Jim French moved up to Ashbourne from London with his first wife Rosemary in 1966 and started working for Richard Cooper as group purchasing controller.

He left in 1971 to set up Chil-Tex Ltd from scratch to satisfy a growing demand for girdles and control corsetry.

Half-tone adverts for early 20th century corsetry.
Half-tone adverts for early 20th century corsetry.

A 1995 commission from Vivienne Westwood saw the company manufacture items including gold thongs, suspender belts, briefs and corsets.

It was also making underwear for Agent Provocateur, Vivienne Westwood, Ann Summers, Victoria’s Secret, Oasis and New Look.

The firm eventually bought out Coopers in 1999, becoming Chil-Tex Ltd incorporating Coopers of Ashbourne, and production moved to a single factory at Moor Farm Road West in Ashbourne.

As the company grew, so love also blossomed between Jim and Sue, now a Chil-Tex director.

“I was with Jim for 30 years and they were the happiest years of my life – he made me very happy and looked after me,” she said.

“We shared the same office, ate together, shared a home, played racquetball together – we never got tired of one another’s company.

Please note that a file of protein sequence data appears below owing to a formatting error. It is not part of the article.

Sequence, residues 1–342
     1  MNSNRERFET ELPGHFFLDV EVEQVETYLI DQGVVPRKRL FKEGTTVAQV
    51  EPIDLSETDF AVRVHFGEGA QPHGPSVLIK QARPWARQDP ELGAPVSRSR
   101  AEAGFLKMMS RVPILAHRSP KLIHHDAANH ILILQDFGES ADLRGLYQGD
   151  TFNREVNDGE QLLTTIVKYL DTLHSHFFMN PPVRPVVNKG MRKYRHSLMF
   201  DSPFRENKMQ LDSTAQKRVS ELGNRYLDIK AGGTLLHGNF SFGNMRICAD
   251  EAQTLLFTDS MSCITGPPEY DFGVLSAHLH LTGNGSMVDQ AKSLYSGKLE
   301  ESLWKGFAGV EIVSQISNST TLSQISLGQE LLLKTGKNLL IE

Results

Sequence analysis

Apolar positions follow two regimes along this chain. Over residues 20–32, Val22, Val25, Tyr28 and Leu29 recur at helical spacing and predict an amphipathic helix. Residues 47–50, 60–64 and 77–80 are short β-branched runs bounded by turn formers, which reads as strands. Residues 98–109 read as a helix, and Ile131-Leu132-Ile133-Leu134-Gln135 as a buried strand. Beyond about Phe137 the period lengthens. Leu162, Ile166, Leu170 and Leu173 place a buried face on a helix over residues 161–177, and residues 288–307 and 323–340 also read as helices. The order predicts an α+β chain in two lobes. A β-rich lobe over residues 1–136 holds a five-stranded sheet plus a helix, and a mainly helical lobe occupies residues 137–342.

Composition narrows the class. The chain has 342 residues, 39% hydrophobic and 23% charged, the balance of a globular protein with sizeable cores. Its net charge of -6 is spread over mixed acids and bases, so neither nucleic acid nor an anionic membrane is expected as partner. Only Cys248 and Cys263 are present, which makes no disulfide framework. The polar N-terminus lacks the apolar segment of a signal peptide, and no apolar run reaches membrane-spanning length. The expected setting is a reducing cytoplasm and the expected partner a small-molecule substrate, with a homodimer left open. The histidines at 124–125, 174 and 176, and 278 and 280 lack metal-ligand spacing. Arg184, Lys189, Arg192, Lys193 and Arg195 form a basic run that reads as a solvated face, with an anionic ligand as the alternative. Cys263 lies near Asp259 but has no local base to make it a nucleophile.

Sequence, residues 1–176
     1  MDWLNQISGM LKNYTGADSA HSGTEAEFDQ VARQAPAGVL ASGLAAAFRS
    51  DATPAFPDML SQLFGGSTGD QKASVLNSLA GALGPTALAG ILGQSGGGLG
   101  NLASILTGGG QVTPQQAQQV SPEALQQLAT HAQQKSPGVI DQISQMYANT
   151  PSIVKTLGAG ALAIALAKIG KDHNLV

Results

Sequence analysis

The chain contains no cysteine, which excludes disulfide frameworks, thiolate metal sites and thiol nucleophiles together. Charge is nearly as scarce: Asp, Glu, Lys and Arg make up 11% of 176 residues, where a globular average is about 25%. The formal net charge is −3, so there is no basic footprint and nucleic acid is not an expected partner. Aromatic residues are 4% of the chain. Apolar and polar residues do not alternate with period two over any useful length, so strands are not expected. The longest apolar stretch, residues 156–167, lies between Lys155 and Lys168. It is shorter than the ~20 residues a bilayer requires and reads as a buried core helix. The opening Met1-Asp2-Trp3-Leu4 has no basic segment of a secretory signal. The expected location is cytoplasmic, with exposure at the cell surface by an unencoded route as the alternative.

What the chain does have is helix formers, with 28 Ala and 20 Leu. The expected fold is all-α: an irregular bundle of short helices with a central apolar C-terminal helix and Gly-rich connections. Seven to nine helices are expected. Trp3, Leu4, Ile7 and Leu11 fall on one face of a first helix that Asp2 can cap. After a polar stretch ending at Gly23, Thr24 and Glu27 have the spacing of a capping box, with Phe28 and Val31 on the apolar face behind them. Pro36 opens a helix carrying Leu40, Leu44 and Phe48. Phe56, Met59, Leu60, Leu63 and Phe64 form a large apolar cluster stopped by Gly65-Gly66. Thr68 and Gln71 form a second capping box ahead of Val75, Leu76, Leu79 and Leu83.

“We were one big team and I still feel that we are.”

‘We were one big team and I still feel that we are.’ Jim and Sue French.
Jim and Sue French: “We were one big team and I still feel that we are.”

After the merger, the couple quietly got married and had a weekend away at Hoar Cross Hall.

“We didn’t tell any of the staff yet when we got back on the Tuesday they had done us a wedding reception with flowers and cake,” said Sue.

“What a lovely, lovely thought – it was a lovely surprise and completely unexpected. At the time I struggled to keep the tears away and I still have the flowers from that wedding cake today.

“This very much reflected the atmosphere on the factory floor.”

She added: “It never ceases to amaze me that I worked my way through form being a basic machinist to a director.

“I’ve gained a huge amount of experience, skills and knowledge along the way and proved to myself the adage ‘never give up’.”

Illustrations showing how corsetry designs evolved.
Illustrations showing how corsetry designs evolved.